When the crisis caused by Covid-19 erupted, my work as an adjunct professor was ending, and my freelance projects suddenly dried up. Before quarantine, I worked in an elementary school as part of the artist-run King School Museum of Contemporary Art (KSMoCA), where for almost two years, I taught an experiential class about curation for fourth and fifth graders. At KSMoCA we work intergenerationally in a K-5 public school with kids, college students, teachers, and administrators, seeking innovative ways to integrate contemporary art into the daily lives of elementary students. A friend suggested that I try teaching online classes for kids since everyone would be out of school. In an attempt to quickly scrounge together an income, I decided to pursue the dream I had set aside years before: to teach a “drawing class.” An online group formed under the guise of drawing, focused on imagination and problem solving—skills that will surely be necessary in the aftermath of the global pandemic. Because I missed my undergraduate students so much and I was seeking ways to stay connected to friends and family across the world, I decided to open the class for people of all ages. To bring together a diverse and dispersed group of people in a time when the phrase “social distancing” was becoming normal felt like the most immediately helpful thing I could do.
Considering the circumstances and my proclivity towards depression, especially in times of uncertainty, I knew that I would have to find a way to make the “class” very enjoyable for myself. For that, casualness and experimentation are key. To help prevent the wrong kind of expectations, I decided to call it Drawing Time—just a time to draw. I advertised the meeting times on social media, and I sent it to my email list, asking for an optional $1-$20 per session. It was really important to me that anyone could participate, so I let people know directly that if cash were tight, please don’t pay! Just come and participate. Next thing I knew, the Zoom window was filled with mothers and their children, design professionals from India and Panama, college students from past classes and projects, and artists seeking companionship. The ages of participants ranged from 3 to 75.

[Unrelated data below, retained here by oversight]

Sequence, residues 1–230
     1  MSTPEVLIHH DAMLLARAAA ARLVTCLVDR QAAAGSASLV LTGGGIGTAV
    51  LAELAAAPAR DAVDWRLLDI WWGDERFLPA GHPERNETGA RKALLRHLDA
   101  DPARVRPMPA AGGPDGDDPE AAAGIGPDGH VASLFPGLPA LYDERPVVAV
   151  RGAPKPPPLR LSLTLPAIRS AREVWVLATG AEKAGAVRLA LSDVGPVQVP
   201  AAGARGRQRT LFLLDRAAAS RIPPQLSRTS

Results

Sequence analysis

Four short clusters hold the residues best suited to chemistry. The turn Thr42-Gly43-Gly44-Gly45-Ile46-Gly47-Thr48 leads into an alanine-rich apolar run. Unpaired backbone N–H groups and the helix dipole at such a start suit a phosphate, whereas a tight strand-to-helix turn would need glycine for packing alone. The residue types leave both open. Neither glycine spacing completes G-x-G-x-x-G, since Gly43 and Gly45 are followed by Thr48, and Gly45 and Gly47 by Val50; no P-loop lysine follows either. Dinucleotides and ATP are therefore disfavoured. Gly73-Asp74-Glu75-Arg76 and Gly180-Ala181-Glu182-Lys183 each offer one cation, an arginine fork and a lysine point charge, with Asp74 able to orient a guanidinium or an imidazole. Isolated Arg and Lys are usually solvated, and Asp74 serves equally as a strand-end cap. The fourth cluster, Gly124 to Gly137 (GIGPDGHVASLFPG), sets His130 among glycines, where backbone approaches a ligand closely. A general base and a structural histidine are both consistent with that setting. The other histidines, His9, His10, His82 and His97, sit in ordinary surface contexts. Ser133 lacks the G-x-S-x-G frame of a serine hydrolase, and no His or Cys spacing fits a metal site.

People in the drawing class have expressed pure delight in learning and drawing alongside such an age-diverse group. It’s a novel experience because so often in the United States, we’re segregated by age—in school and beyond. Typically, we think of “peers” as being people with similar ages, but I’ve been really inspired by the way the group has adopted each other as peers despite their differences in age. About a year ago, I met Alan DeLaTorre, a coordinator at the Senior Adult Learning Center at PSU, which works with the university to allow senior auditors to enroll in almost any one of Portland State’s nearly 5,000 classes. I was really impressed with Alan’s commitment to raising awareness about the benefits of pedagogies that embrace learners of all ages, so I reached out to see if he could offer any insights for this essay. He now works as the Age-Friendly Cities program manager in the City of Portland Oregon Bureau of Planning and Sustainability, and in response to a question about the value of intergenerational education, he explained the important positive impact of people learning from the unique experiences of different generations and the way that experience can help combat generational conflict. He referenced a variety of outcomes including: improved well-being, self-esteem and health; development of stronger links to the community; improved interpersonal skills and communication abilities; and increased knowledge and understanding of life-long career environments. Despite all these benefits, he also acknowledged that systems of age segregation and perceived or real generational conflict can be major challenges to this type of education.
In the early weeks of Drawing Time, I found it really challenging to make an hour long class interesting for people with widely different backgrounds, experiences, vocabularies, interests, and desires. I realized quickly that I wouldn’t be able to make the class everything that everyone wanted it to be, so I had to narrow in on what I wanted it to be and define that clearly for external audiences. I decided on a format that privileges the younger drawers with the majority of the class spent on short, strange prompts designed to get people thinking and drawing in ways outside of their norm. Because the participants change daily, I try to always remind people that anyone under the age of 14 takes priority in the class, and when we’re sharing about our work, the younger folks always get to go first. I think it brings awareness to the adults that kids have equal amounts if not more to offer in this setting. I found my adult friends positively responding to the first few “lectures” I gave as introductions to the content that would be explored via prompts in each class. Some early examples of these lectures included: a brief overview of my favorite cartoon characters; an explanation of how various games and toys like Polly Pockets, Minecraft, Animal Crossing, and doll houses have influenced my drawing style; drawings of and in kitchens with examples by Annie Pootoogook and David Hockney; portraiture but through the lens of pareidolia featuring a discussion of paintings by artists like Laylah Ali and Heidi Howard; and abstract emotions with a focused analysis of Disney Pixar’s movie Inside Out. I love preparing and researching these talks, but I try to keep them short so I don’t bore everyone.